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What are the most common regenerative structural forms of domestic sodium silicate melting furnaces?

May 14,2024

What are the most common regenerative structural forms of domestic sodium silicate melting furnaces?

Sodium silicate, also known as water glass, is widely used in industrial production. As the core equipment for sodium silicate production, the structure of the melting furnace has a crucial impact on production efficiency and energy consumption. Next, let us explore the most common regenerative structure form in domestic sodium silicate melting furnaces!

The regenerator, as an efficient waste heat recovery system, plays a vital role in sodium silicate melting furnaces. It uses a special refractory material, checker bricks, as a heat storage body to accurately capture and store the heat energy in the high-temperature flue gas discharged from the furnace. When these high-temperature exhaust gases reach a temperature of 1400~1500°C and flow through the checker bricks in the regenerator, the heat is effectively absorbed and accumulated in the checker bricks, thereby gradually increasing their temperature.

Subsequently, during the flame reversal process, the heat accumulated in the checker bricks is released and used to preheat the gas and air entering the furnace. Through this heat exchange process, the gas can be preheated to 800~1000℃, while the air can reach a preheating temperature of 1000~1200℃. This preheating effect not only ensures that the flame has a high enough temperature to meet the melting conditions of sodium silicate, but also reduces the temperature of the exhaust gas to approximately 600°C when it is discharged from the regenerator, thereby achieving efficient recovery and utilization of heat energy.

In order to further optimize the performance of the regenerator and extend its service life, scientific researchers and engineers continue to explore and innovate. In domestic sodium silicate melting furnaces, there are various designs of regenerators, each of which is designed to improve its thermal efficiency and stability. Among them, connected structure, separated structure, semi-partitioned structure, connected structure with two small furnaces, two-stage structure and fully connected structure are the most common designs. These carefully designed regenerator structures not only improve the recovery rate of heat energy, but also provide a strong guarantee for the energy saving and efficient operation of the sodium silicate melting furnace.

PART.01 Connected structure

One of the design concepts of the sodium silicate melting furnace is to design the air regenerator and gas regenerator under the small furnace on one side into a connected single-chamber structure. The original intention of this design may be to simplify the structure and facilitate airflow. However, in practical applications, we found that this connected design has obvious disadvantages.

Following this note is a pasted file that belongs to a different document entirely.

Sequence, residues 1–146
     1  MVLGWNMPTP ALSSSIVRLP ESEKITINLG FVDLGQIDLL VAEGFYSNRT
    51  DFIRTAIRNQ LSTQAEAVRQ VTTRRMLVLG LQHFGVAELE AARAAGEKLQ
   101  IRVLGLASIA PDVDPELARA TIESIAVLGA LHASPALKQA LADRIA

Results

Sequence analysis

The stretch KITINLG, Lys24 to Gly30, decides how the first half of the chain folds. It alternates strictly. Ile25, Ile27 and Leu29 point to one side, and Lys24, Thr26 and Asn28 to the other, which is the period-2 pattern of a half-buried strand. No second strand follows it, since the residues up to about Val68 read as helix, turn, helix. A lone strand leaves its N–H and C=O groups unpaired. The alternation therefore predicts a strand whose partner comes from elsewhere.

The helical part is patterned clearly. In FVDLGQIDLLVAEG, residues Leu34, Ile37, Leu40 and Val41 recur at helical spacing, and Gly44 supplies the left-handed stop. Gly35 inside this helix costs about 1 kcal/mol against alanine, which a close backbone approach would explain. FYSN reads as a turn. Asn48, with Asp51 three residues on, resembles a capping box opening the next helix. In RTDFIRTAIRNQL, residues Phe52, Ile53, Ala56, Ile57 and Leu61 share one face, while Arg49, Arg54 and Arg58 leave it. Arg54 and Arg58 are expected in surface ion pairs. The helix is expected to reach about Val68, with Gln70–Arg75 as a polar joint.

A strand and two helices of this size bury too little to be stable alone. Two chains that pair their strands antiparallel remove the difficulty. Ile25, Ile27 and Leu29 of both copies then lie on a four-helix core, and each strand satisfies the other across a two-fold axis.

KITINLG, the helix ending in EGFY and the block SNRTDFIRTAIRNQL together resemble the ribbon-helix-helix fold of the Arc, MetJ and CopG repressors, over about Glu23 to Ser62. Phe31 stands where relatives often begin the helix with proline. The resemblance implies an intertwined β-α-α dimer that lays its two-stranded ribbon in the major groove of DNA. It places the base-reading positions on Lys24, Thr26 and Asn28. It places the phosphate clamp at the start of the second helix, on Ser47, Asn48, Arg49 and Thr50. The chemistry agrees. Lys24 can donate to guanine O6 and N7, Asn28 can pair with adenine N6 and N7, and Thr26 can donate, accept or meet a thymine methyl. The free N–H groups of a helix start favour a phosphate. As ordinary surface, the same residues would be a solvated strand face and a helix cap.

The main problem is that the airflow is difficult to distribute evenly in the connected room. Due to the lack of effective airflow separation and guidance mechanisms, the airflow can easily form vortices or short circuits in certain areas, resulting in excessive airflow speeds and excessively high temperatures in local areas. This local overheating phenomenon will accelerate the thermal deterioration and damage of the checker bricks, seriously affecting the service life and performance of the regenerator.

Therefore, although this type of connected regenerator design is relatively simple in structure, it has been gradually eliminated in practical applications due to its uneven air flow distribution and the tendency to cause local overheating. We prefer to adopt more advanced designs with more uniform air flow distribution to ensure stable operation and efficient energy consumption of sodium silicate melting furnaces.

PART.02 Separated structure

The design of the regenerator on one side of the sodium silicate furnace is quite ingenious. It adopts a partitioned design based on each small furnace, forming several independent chambers that are not connected to each other. The subtlety of this design is that it allows precise adjustment of gas distribution through the gates on each branch flue, thereby achieving effective communication with the gas and air branch flues.

From a professional point of view, the significant advantages of this structure are the flexibility and precision of gas distribution. By simply adjusting the gate, operators can easily control the gas flow in each individual chamber to meet the needs of different melting stages. In addition, the design also provides convenience for hot repairs, as the construction of independent chambers makes local repairs possible without shutting down the furnace or affecting the normal operation of other areas.

However, this compartmentalized design also has certain limitations. Although the setting of the dividing wall achieves independent distribution of gas, it also takes up part of the space, resulting in a reduction in the effective volume of the grid. This means that within the same space, the heat storage capacity of the grid may be affected to a certain extent.

Nonetheless, this regenerator design was widely adopted due to its flexibility and serviceability, becoming one of the most common structures in sodium silicate furnaces. In actual operation, through reasonable gas distribution and optimal configuration of the grid, its effectiveness can be maximized to ensure efficient and stable operation of the furnace.